Thankfully, there are really good commercialized kefir powder starters that you can use instead of grains. They contain all the good microbes of kefir and allow you to make as much kefir as you want within 24 hours without having to worry about ongoing maintenance.

We had milk kefir grains years ago, but they died due to our neglect. Thus, we’re currently using a milk kefir starter – our favorite kefir starter is this one from Yogourmet.

One packet of starter = one quart of delicious kefir in 24 hours. You just have to follow the instructions that come with the starter packets.

Creamy milk kefir with aronia berries, granola, nut and chocolate. Yummy!!

Creamy milk kefir with berries, granola, nut and chocolate. Yummy!!

Milk Kefir Taste Test Experiment

Since we like to experiment, we’ve tried four ways of making kefir from the Yogourmet kefir starter to see how different methods would effect the final product

  • Method #1: Exactly as instructed on product directions. 1 packet of kefir starter per 1 quart of cooked milk (we use whole grassfed organic milk).
    • Results: best flavor, best consistency, fastest production (24 hours).
  • Method #2: 1 packet per 2 quarts of cooked grassfed organic milk.
    • Results: took 24-36 hours, a bit longer than option 1, as one might expect. Slightly more acidic/tangy taste as well, but it’s a good way to stretch your budget.
  • Method #3: 1 packet of starter per 1 quart of uncooked raw local milk.
    • Results: Since there are so many living microbes in raw, unpasteurized milk, it took 72 hours for the microbes in the starter to convert the milk into a final kefir product, but the flavor was excellent – perhaps even a little better than method 1. Here we should post a legal disclaimer that many people think you should never consume raw milk because it could kill you or make you very sick if it hasn’t been produced by a person or company who knows what they’re doing. Thankfully, we have access to MilkyWay Farms raw milk, which has been in operation for decades without anyone ever getting sick from their raw milk.
  • Method #4: 1 cup leftover milk kefir from previous batch per 1 quart of cooked grassfed organic milk.
    • Results: This took 48 hours and resulted in a very good final product as well. Apparently, for safety reasons, you can only use this method a few times before you need to start again from scratch.

So what method do we recommend? For fastest, easiest, and most consistent results, go with option #1 – especially when you’re new to making milk kefir. If you have more time or are feeling more adventuresome, start experimenting and seeing if there are other ways to produce an equally delicious milk kefir.

Update (4/1/2019): Here’s a way we’ve figured out how to cut costs on powdered milk kefir starter despite our milk kefir addiction: We’ve been using the Yogourmet starter for 2 years now and still LOVE IT, but if you eat as much as we do, it adds up quickly!

We add 1 packet of starter to 2 quarts of uncooked, whole grassmilk. Once we’ve eaten most of it, we make sure to reserve 1/2 cup of the milk kefir and use that to make 1 new quart of milk kefir (instead of the powder). We repeat this up to 3 times, until the milk kefir begins to taste too “funky”. Once the flavor becomes more pungent than we like, we start over again from new packets.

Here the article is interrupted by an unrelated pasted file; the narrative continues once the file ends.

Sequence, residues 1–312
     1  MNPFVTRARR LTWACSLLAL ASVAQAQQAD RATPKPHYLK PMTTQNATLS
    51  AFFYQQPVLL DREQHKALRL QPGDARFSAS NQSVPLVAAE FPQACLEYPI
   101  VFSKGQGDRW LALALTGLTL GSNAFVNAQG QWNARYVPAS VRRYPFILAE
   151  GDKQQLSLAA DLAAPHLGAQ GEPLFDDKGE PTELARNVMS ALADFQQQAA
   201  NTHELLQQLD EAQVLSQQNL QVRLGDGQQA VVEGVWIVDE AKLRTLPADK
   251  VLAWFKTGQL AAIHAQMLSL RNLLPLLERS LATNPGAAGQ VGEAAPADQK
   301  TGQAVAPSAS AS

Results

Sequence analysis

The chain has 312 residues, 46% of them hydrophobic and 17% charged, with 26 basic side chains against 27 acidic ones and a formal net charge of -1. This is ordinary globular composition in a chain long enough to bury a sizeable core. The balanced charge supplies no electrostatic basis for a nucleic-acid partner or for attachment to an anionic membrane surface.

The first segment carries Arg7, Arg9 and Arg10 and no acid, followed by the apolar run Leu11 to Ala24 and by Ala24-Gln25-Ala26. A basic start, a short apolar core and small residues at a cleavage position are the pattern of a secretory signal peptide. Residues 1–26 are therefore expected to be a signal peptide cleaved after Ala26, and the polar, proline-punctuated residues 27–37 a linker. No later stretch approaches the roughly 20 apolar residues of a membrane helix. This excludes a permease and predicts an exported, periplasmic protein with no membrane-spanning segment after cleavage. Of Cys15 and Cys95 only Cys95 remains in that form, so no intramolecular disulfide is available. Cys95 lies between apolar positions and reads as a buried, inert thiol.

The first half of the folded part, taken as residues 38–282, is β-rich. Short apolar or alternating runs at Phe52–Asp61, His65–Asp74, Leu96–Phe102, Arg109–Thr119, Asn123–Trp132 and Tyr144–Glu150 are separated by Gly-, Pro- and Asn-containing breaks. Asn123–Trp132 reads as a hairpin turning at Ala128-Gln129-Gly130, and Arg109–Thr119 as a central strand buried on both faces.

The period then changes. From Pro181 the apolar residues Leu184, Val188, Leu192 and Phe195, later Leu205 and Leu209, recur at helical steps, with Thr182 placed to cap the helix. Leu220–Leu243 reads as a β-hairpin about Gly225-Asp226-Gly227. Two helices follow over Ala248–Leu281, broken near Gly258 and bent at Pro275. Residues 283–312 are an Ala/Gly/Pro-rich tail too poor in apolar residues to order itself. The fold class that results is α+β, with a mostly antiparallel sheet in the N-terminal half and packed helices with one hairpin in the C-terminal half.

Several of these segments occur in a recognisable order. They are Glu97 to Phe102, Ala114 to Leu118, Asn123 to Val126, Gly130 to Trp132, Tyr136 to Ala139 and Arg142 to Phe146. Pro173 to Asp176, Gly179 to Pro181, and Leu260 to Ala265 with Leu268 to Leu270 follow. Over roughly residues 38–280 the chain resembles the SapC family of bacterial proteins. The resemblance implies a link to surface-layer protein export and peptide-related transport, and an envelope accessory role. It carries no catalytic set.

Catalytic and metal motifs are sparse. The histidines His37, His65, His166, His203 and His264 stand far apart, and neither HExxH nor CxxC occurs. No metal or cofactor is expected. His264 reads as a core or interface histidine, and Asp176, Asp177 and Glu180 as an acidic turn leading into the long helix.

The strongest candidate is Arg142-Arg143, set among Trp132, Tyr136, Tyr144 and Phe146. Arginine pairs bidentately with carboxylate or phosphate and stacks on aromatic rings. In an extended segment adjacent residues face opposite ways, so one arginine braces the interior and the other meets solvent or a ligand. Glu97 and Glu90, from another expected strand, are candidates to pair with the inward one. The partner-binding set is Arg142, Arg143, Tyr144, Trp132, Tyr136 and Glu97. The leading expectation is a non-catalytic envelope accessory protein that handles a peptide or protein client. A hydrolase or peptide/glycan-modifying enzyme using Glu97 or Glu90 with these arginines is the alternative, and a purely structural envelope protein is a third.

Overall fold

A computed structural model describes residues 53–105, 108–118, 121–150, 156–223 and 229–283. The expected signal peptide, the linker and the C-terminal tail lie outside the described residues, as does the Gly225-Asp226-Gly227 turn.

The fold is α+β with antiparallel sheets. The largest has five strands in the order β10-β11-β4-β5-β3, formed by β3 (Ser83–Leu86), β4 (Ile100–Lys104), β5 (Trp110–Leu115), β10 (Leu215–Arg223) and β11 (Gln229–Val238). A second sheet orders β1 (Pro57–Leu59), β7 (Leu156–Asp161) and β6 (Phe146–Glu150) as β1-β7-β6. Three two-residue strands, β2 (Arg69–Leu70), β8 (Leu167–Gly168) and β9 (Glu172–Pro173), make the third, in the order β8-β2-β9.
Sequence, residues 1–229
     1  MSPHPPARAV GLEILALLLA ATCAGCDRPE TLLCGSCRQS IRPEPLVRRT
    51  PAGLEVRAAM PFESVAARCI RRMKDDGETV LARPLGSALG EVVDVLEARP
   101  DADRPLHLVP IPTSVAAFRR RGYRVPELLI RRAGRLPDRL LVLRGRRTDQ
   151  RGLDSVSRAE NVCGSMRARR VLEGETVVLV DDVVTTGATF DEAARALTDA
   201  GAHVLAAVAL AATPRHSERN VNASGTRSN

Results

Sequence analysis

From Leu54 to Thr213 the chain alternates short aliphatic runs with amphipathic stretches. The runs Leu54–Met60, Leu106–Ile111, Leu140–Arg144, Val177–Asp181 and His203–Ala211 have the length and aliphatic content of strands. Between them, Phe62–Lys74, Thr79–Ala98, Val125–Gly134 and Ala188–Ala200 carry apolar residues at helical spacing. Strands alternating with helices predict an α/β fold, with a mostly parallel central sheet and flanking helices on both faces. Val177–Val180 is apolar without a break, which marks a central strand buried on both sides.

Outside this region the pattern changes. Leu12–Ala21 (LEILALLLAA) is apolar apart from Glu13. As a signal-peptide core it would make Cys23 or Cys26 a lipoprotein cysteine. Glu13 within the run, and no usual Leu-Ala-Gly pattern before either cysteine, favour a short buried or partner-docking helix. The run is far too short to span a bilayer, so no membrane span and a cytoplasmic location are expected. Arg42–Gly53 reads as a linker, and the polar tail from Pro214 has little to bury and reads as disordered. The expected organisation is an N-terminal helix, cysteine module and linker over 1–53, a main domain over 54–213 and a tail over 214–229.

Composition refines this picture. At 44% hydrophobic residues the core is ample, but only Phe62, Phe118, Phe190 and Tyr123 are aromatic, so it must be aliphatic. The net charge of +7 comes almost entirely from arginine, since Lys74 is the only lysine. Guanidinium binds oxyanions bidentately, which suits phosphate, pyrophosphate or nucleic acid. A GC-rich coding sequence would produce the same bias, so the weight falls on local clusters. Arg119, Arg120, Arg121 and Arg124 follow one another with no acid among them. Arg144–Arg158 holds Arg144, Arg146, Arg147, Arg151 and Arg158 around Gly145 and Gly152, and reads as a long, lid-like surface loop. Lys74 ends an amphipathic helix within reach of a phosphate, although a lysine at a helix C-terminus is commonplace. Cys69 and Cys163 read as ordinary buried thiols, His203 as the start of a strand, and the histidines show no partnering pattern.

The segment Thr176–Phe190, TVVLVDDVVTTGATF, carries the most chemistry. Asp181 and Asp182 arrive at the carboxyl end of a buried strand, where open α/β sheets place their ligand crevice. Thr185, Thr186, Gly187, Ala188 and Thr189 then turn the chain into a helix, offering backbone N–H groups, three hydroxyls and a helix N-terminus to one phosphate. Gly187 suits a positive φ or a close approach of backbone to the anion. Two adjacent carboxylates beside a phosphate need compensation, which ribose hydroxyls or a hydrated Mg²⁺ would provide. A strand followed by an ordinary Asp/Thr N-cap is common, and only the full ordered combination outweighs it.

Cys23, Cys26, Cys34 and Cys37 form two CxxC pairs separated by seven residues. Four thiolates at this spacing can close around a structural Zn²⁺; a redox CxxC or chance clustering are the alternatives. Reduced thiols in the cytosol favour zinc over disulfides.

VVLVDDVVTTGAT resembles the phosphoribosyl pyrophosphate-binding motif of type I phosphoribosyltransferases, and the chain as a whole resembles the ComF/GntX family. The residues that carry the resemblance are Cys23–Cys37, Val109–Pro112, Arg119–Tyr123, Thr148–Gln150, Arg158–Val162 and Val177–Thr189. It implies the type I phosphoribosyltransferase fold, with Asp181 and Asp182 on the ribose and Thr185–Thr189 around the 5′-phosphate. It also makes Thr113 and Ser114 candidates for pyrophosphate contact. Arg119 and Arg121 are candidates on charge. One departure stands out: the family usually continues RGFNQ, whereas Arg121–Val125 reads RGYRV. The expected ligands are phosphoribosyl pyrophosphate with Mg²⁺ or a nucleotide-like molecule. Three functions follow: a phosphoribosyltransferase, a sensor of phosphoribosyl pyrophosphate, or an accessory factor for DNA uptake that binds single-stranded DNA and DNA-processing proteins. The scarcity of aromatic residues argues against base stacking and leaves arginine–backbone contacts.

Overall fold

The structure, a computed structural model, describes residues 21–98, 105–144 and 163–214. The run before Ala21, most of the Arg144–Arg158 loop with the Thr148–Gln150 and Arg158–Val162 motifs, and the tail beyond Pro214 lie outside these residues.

Want to jazz up your milk kefir even further? To turn milk kefir into a delicious sweet dessert simply drizzle on some local honey (left). For a beautiful berry marble effect, add elderberry syrup and swirl with a spoon.

Want to jazz up your milk kefir even further? To turn milk kefir into a delicious sweet dessert simply drizzle on some local honey (left). For a beautiful berry marble effect, add elderberry syrup and swirl with a spoon.

A couple of other recommendations:

  • No plastic – Always make milk kefir or any fermented food in glass or ceramic, not plastic (we use standard quart jars when making milk kefir). You don’t want the compounds in plastic leaching into your fermented foods.
  • Dynamic, living foods – Milk kefir is a living food comprised of trillions of beneficial microbes, e.g, it’s very dynamic. This means the longer you let it sit on the counter or in the fridge, the more the milk is digested by the microbes and the more sour the final product will taste (refrigeration slows the process). The end product will taste different from hour to hour and day to day, so make notes about when you like it best so you can try to reproduce that result when you make future batches.

Unfortunately, you can’t produce your own milk kefir grains by making kefir with a starter powder. However, you can buy a half cup of kefir grains if you want to go that route – these kefir grains have excellent customer ratings plus they include a free ebook. Given our current milk kefir consumption rate, we’d probably save quite a bit of money over a year by making kefir from grains rather than starter. Unfortunately, the tyrant finds the kefir made from grains to be a bit too funky for her taste.

Our favorite ways to consume it include:

  • Adding homemade granola (Aaron’s mom makes the best!), nuts, seasonal berries, and maybe even some chocolate to it;
  • All by itself with a touch of local honey;
  • With some of our home-grown stewed peaches + a bit of local honey;
  • The Tyrant’s new breakfast favorite: with a scoop of Acai Maqui Powder, hemp hearts + some local honey.

No matter how you decide to produce or consume it, we encourage you to make milk kefir part of your regular diet. It’s a delicious, nutritious probiotic that is awesome for your health. Finally, please be sure to source your milk from healthy, happy cows when you do!


How to make milk kefir even picky eaters will love! We've tested several different methods in our quest to figure out how to make milk kefir with just the right amount of creamy tang, and not as much funk. #milkkefir #kefir #fermentedfoods #fermented #tyrantfarms #pickyeaters

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  • Reply
    June 21, 2023 at 4:19 pm

    Honey is anti-bacterial, I dont think it should be mixed with kefir.

    • Reply
      Aaron von Frank
      June 22, 2023 at 10:30 am

      You might not want to make milk kefir with honey in it, but eating the two substances together isn’t an issue. There’s only going to be a small amount of honey relative to the quantity of milk kefir and the medley will be further diluted and broken down on its way through your digestive system. Additionally, honey doesn’t exhibit antimicrobial effects against ALL genera and species of bacteria; it predominantly shows anti-microbial activity against pathogenic species while actually promoting and serving as a prebiotic for beneficial species.

      Via 2022 study in the journal Frontiers in Nutrition: “Current research suggests that certain kinds of honey can reduce the presence of infection-causing bacteria in the gut including Salmonella, Escherichia coli, and Clostridiodes difficile, while simultaneously stimulating the growth of potentially beneficial species, such as Lactobacillus and Bifidobacteria.”

      Lactobacillus and Bifidobacteria are both present in milk kefir cultures, so honey likely helps these beneficial strains.